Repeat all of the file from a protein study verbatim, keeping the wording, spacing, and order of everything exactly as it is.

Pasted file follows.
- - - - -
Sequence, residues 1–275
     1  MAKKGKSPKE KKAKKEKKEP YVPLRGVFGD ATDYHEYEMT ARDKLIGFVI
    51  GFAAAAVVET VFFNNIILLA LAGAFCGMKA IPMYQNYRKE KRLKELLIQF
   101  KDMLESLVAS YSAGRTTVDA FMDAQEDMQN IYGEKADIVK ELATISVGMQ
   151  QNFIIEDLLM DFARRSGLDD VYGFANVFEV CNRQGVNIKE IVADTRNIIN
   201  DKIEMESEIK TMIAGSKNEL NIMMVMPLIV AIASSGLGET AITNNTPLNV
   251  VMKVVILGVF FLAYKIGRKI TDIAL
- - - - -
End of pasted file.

Sequence, residues 1–275
     1  MAKKGKSPKE KKAKKEKKEP YVPLRGVFGD ATDYHEYEMT ARDKLIGFVI
    51  GFAAAAVVET VFFNNIILLA LAGAFCGMKA IPMYQNYRKE KRLKELLIQF
   101  KDMLESLVAS YSAGRTTVDA FMDAQEDMQN IYGEKADIVK ELATISVGMQ
   151  QNFIIEDLLM DFARRSGLDD VYGFANVFEV CNRQGVNIKE IVADTRNIIN
   201  DKIEMESEIK TMIAGSKNEL NIMMVMPLIV AIASSGLGET AITNNTPLNV
   251  VMKVVILGVF FLAYKIGRKI TDIAL